Even though I only just finished an intense 18 months of E-Learning Instructional Design study with the University of California, Irvine , I’ve just gone back to college.

I’ve decided to try out my first MOOC, a little bit down to to professional curiosity and a little because I think it’ll be good for my own CPD. Ediinburgh University are hosting the MOOC on “E-learning and Digital Cultures” here at Coursera: https://www.coursera.org/course/edc. There’s probably still time to sign up – this is only day #2!

So Seth, get to the point…. We’re encouraged on the course to share and blog about our learning from the course. This, over the next 5 weeks is where I’ll be sharing.


Where there’s MOOC there’s brass?

The first 2-week “block” of the course is on the theme of Utopias and Dystopias. The block starts off with some pretty outlandish contradictory statements. I’ve decided to write my first blog post of the course before I have read any of the course material, so that I can share my before-learning views and opinions, which I will later contrast with my post-learning views and opinions. I decided to do this because the two opposing claims are just so far apart that my guess is that neither one can be correct.

Utpoian Claims: “Information technologies based on electronic computation possess intrinsically democratizing properties (the Internet and/or worldwide web is an autonomous formation with ‘in-built’ democratic properties or dispositions).”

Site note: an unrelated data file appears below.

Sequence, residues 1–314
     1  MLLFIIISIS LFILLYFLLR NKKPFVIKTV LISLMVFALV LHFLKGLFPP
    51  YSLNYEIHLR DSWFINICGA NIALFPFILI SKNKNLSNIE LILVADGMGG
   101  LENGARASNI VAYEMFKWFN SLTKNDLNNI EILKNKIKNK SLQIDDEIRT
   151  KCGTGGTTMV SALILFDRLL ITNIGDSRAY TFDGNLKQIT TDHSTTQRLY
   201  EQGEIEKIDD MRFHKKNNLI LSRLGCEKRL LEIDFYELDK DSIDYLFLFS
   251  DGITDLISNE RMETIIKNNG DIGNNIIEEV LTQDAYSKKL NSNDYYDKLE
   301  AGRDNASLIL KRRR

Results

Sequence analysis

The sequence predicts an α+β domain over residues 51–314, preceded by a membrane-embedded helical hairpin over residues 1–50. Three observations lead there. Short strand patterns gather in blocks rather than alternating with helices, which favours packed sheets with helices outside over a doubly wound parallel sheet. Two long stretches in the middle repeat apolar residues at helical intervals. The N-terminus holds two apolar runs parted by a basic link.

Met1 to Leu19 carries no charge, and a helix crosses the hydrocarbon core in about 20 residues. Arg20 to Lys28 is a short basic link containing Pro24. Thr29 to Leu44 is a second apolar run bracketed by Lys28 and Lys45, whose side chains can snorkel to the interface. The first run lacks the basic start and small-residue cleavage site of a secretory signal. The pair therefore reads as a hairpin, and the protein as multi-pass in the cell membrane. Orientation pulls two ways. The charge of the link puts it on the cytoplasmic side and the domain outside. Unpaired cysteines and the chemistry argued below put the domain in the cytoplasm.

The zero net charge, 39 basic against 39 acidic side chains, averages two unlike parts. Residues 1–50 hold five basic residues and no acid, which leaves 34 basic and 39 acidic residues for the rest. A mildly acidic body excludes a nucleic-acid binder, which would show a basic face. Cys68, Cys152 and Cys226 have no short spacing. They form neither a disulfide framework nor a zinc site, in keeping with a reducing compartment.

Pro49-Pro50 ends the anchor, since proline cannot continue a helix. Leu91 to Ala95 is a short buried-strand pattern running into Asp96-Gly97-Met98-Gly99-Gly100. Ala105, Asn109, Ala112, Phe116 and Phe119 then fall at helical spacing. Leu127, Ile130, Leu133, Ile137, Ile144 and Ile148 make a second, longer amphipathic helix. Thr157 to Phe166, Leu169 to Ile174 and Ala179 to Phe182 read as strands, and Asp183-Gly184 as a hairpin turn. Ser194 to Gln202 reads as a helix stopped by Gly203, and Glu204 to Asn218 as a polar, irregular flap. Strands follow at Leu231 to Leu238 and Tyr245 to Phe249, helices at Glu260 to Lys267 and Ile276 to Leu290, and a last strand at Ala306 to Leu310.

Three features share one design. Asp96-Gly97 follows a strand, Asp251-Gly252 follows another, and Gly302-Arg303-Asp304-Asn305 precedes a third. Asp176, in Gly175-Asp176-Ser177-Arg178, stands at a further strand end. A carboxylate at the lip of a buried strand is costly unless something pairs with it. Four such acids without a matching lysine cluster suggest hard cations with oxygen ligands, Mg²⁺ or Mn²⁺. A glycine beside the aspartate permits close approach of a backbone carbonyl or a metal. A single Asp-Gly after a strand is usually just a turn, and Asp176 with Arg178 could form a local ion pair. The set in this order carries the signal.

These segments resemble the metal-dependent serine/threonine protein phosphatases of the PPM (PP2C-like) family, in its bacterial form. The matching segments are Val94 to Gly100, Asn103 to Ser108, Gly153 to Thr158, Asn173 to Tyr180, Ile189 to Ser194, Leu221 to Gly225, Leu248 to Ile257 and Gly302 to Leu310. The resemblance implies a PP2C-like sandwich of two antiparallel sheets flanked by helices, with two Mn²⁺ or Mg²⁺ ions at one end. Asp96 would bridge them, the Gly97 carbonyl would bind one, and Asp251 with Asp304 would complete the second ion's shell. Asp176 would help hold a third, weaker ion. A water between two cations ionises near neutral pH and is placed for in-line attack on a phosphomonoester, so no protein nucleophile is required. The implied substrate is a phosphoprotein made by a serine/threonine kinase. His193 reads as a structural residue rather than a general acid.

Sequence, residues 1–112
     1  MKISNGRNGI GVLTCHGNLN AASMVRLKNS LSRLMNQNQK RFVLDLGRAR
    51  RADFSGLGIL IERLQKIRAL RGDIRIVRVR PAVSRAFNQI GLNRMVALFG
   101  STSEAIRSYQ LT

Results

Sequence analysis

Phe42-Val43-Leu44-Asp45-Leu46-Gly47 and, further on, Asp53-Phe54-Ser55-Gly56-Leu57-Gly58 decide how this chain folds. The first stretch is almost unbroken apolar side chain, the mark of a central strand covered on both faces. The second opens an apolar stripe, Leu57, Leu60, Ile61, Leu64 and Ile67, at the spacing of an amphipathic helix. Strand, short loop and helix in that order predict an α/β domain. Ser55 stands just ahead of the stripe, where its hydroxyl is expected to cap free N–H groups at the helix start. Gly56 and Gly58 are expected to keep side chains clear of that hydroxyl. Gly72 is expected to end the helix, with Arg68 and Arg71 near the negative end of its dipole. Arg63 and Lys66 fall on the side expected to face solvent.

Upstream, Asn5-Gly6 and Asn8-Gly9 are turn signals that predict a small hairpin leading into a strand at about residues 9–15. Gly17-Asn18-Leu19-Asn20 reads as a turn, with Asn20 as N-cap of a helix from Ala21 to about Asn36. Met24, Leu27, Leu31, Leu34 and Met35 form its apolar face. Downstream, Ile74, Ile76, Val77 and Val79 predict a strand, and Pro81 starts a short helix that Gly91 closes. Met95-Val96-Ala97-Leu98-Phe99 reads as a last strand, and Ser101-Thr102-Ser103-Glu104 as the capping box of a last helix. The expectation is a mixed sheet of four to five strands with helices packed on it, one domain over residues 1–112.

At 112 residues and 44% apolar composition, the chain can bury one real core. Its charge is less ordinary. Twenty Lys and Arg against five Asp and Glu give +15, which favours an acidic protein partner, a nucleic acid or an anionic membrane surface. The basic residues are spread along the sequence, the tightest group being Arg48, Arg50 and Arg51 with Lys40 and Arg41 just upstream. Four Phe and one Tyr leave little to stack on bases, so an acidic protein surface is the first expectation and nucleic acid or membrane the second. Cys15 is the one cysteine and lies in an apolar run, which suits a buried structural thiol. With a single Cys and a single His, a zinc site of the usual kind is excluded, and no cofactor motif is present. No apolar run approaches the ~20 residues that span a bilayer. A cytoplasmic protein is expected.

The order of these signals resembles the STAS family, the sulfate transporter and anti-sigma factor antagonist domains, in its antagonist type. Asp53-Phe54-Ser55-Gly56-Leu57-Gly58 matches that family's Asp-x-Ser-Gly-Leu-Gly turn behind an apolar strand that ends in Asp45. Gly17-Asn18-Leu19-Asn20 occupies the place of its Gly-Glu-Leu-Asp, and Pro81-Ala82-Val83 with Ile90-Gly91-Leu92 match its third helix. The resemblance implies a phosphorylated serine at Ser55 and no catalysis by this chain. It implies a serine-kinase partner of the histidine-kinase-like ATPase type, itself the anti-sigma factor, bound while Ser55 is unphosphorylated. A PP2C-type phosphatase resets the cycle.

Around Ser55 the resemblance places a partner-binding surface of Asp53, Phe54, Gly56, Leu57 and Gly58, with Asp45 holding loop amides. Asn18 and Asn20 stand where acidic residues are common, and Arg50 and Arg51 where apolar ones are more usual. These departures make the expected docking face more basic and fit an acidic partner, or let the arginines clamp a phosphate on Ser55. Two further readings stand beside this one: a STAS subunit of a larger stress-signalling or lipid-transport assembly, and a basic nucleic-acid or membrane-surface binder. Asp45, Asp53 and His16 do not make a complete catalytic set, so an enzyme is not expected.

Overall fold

Dystopian claims: “Information technologies possess intrinsically de-democratizing properties (the Internet and/or worldwide web is an autonomous formation with ‘in-built’ anti-democratic properties or dispositions).”


The claim that ICT is de-democratising strikes me as somewhat absurd. I will be interested to read that evidence that the course provides to support this claim. I can understand and anticipate that the suggestion may be that in developing countries the power of the Internet is denied to vast swathes of the population due to its inherent costs. This certainly would be a denial of democratic participation, but I cannot see how you could make the leap to save that ICT is therefore de-democratising. I wonder(I hope) whether there will be other, better arguments than mine that technology is de-democratising?

So, I will be interested to see what the MOOC offers as its evidence, especially because I have had often been too quick to jump at an e-learning solution to a learner’s knowledge or skills gap. One example of this could be how I will propose an elaborate game-based for interaction where different learners are given separate role-play cards in order to simulate a line manager giving difficult feedback to an employee who is under-performing. it would take a great deal of organisation and supporting of the learners to make an activity like this a success. The same results could the gained much more easily in a classroom-based roleplay scenario, (or even by two employees meeting up for 10 min with a coffee, taking it in turns to switch roles.)

In summary, maybe I need to think a little more about the downsides of technology. I’m willing to bet that they don’t exist, but you have to know about the bogeyman in order to prove he’s not real! 🙂
Photo Credit: Darwin Bell via Compfight cc